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October 22, 2005
I have commented previously on how cognitive science has been dominated, and possibly limited, by a conception of the nature of cognitive tasks that reduced them to being classical problem solving activities. This 'problem solving' ranges from trivial pattern matching to complex strategy formation. In every case, the problem is well stated, along with the conditions that demonstrate the achievement of a solution. Cognitive science has of course existed to a great extent to support development in artificial intelligence, which has itself been skewed towards industrial and military applications (see De Landa's War in the Age of Intelligent Machines for an account of this relationship).
Coming as I do from a very different philosophical background, one that is more interested in artistic and literary creativity, it would be easy for me to dismiss cognitive science for its obsession with such trivia (even considering that the actual problem solving isn't that simple). However, Clark's extended cognition thesis fits neatly with accounts of artistic and literary creativity given by the likes of Deleuze and Guattari. Indeed I plan to explore these links in much more depth. I can see occassions in which it finds a line of escape from the 'cognitive task as problem solving' trap.
In chapter 10 of Being There, Clark describes a recognizable form of 'extended cognition', which he calls the "mangrove effect". The metaphor is this: a mangrove seeds itself in a shallow water, grows roots, traps other roots and particles, forms a network of roots with other mangroves that seed nearby (helped by the first mangrove), and eventually forms a more solid island within the sea. Clark argues that in some cases linguistic elements (both publicly spoken and internally contained) can work in this way. A word is uttered, not to fill a definite space or necessarily solve a well–defined problem, but rather to probe the cognitive and social environment, to see what connections form around it, or even to change the cognitive and social environment. This sounds much closer to the activities of musical and painterly composition described by Deleuze.
That is what Deleuze and Guattari would call "rhizomatic".
Most importantly, we should consider how this model of cognitive task frees us from a theoretical dependency upon a well integrated goal oriented super–subject. During the discussion following Clark's paper, the practical question of how to differentiate cognitive apparatus properly belonging to an agent from those belonging to the environment. I think he responded with an answer that relied upon the existence of such a super–subject (and its plans and goals). My alternative argument (which I think comes from Deleuze) would be that it isn't so much a well–integrated well organised super–subject that provides the drive for the cognitive task, but rather a dissonance producing chaotic attractor, speculatively dispersing fragments of sense into the world in order to simple make things happen. As Deleuze and Guattari say "the machine only works when it breaks down" (spot the double meaning).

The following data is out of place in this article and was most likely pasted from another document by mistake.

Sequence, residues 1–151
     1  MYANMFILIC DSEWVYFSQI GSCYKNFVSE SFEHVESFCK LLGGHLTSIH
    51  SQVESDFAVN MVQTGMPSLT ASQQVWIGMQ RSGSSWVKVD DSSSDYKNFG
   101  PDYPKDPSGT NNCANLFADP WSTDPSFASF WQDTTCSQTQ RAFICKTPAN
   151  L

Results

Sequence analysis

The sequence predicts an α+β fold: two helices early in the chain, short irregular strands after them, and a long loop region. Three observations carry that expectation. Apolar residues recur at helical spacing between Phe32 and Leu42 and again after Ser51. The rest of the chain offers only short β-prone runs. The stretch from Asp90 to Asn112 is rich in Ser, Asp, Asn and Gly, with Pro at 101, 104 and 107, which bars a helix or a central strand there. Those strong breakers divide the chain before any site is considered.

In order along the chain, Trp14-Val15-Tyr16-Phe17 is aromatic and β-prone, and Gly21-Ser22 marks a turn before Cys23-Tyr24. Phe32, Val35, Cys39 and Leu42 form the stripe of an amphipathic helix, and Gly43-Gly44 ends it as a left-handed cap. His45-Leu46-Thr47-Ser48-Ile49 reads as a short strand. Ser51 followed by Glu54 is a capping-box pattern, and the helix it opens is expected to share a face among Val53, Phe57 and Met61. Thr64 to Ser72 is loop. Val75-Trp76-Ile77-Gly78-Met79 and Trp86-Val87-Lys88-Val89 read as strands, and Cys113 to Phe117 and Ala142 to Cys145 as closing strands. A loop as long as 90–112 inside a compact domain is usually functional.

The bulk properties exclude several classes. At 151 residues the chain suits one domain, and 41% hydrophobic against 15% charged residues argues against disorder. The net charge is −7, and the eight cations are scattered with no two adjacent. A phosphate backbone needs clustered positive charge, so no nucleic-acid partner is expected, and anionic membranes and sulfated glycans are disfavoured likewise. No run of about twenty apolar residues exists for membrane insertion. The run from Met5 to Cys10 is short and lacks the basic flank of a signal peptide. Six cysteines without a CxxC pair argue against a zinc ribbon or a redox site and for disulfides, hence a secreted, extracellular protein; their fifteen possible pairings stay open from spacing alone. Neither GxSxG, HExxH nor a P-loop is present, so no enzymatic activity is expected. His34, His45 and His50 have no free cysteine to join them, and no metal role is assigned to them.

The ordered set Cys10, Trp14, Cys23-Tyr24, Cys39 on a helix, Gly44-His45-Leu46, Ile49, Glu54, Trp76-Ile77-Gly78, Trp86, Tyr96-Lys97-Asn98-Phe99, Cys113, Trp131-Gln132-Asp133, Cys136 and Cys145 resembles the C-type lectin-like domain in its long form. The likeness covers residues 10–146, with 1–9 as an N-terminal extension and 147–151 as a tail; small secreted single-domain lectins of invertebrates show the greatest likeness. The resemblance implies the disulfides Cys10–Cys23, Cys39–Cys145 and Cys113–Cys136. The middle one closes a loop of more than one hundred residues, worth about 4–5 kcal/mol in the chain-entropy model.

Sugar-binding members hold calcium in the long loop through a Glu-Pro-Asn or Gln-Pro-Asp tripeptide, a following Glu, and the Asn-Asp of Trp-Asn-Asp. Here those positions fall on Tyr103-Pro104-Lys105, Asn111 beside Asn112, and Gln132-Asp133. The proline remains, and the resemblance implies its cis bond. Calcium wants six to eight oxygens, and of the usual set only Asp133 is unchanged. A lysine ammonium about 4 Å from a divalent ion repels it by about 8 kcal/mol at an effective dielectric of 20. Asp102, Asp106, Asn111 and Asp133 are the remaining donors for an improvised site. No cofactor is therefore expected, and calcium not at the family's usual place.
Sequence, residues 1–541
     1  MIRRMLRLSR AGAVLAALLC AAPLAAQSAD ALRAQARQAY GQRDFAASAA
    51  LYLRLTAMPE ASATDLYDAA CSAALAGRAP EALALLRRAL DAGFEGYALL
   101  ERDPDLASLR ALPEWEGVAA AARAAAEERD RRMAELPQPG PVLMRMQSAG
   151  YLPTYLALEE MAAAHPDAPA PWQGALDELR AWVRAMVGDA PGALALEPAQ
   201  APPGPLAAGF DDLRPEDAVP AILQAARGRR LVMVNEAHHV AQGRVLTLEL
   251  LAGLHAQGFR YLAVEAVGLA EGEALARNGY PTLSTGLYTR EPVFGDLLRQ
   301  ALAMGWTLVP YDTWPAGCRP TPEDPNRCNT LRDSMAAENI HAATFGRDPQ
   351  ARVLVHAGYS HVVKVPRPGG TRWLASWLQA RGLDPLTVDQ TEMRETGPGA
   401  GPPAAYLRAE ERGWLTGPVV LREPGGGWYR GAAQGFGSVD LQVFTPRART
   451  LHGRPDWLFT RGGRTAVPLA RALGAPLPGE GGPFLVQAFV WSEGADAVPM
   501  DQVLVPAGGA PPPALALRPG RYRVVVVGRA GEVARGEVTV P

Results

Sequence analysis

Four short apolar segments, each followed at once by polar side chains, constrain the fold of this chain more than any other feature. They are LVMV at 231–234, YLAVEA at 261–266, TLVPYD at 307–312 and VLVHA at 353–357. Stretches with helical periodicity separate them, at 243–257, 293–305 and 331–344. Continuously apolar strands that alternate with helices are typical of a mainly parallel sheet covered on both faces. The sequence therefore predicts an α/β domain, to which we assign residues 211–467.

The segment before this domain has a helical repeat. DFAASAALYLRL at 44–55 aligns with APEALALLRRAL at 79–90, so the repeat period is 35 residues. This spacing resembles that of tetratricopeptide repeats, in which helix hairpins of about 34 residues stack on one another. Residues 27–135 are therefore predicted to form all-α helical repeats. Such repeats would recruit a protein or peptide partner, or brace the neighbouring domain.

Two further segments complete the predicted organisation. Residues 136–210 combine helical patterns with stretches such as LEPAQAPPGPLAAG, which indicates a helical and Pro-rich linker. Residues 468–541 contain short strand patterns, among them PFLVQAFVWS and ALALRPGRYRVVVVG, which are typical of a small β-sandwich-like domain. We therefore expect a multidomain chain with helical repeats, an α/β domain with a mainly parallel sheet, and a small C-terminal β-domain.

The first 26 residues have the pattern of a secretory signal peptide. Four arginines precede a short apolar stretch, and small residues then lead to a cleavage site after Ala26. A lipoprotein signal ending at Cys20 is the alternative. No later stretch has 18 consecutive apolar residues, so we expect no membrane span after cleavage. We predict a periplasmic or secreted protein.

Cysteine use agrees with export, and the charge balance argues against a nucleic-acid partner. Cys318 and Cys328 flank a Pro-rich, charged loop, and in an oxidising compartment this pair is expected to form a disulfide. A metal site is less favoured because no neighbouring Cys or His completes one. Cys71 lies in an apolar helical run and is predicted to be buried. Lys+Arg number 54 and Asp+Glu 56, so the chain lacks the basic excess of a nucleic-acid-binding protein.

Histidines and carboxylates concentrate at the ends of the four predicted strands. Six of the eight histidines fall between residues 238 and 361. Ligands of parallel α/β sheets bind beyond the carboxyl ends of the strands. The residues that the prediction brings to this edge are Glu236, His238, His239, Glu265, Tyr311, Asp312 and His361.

So in fact, I argue, the cognitive tasks that drive the "mangrove effect" are closer to artistic creativity – composition, especially poetry. But this is not alien to Clark's thesis. In fact on page 208 he brilliantly identifies poetic composition as a form of thinking that exploits the "mangrove effect".
This leads onto Clark's more recent thoughts on other way in which thought is dependent upon an extended apparatus in a non–trivial way (that is to say, more than just as a means of cognitive off–loading, as in the case of simple note taking and note reading). Gestures and other rhythmic, haptic techniques were discussed. Someone asked if an exercise machine could ever form part of the extended cognitive apparatus (a musician would certainly say yes). Clark did talk briefly about non–linear couplings between mental and extended apparatus. A consideration of rhythmic apparatus could be drawn from there, leading into time and complexity.
At this point I remembered Cezanne's description of how his hands and the paintbrush and the canvas would merge together in the act of painting – what Deleuze called the "diagram" (see my entry on Cezanne Unlocking Sensation ). The act of painting for Cezanne, this merge between mental and external apparatus, rhymthically moving together, is a "mangrove effect". Cezanne:
Our art must shock nature into permanence, together with all the components and manifestations of change. Art must make nature eternal in our imagination.